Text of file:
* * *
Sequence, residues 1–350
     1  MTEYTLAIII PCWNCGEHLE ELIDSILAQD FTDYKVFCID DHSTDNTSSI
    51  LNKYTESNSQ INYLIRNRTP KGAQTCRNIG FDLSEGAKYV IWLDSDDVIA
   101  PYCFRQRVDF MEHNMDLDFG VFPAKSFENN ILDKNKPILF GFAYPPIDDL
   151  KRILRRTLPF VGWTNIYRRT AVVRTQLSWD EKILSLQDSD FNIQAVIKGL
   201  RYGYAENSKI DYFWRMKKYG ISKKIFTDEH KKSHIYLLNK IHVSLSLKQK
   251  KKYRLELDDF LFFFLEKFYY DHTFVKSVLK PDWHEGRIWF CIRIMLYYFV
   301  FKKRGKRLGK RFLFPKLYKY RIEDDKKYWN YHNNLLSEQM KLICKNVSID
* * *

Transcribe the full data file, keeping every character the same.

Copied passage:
Sequence, residues 1–350
     1  MTEYTLAIII PCWNCGEHLE ELIDSILAQD FTDYKVFCID DHSTDNTSSI
    51  LNKYTESNSQ INYLIRNRTP KGAQTCRNIG FDLSEGAKYV IWLDSDDVIA
   101  PYCFRQRVDF MEHNMDLDFG VFPAKSFENN ILDKNKPILF GFAYPPIDDL
   151  KRILRRTLPF VGWTNIYRRT AVVRTQLSWD EKILSLQDSD FNIQAVIKGL
   201  RYGYAENSKI DYFWRMKKYG ISKKIFTDEH KKSHIYLLNK IHVSLSLKQK
   251  KKYRLELDDF LFFFLEKFYY DHTFVKSVLK PDWHEGRIWF CIRIMLYYFV
   301  FKKRGKRLGK RFLFPKLYKY RIEDDKKYWN YHNNLLSEQM KLICKNVSID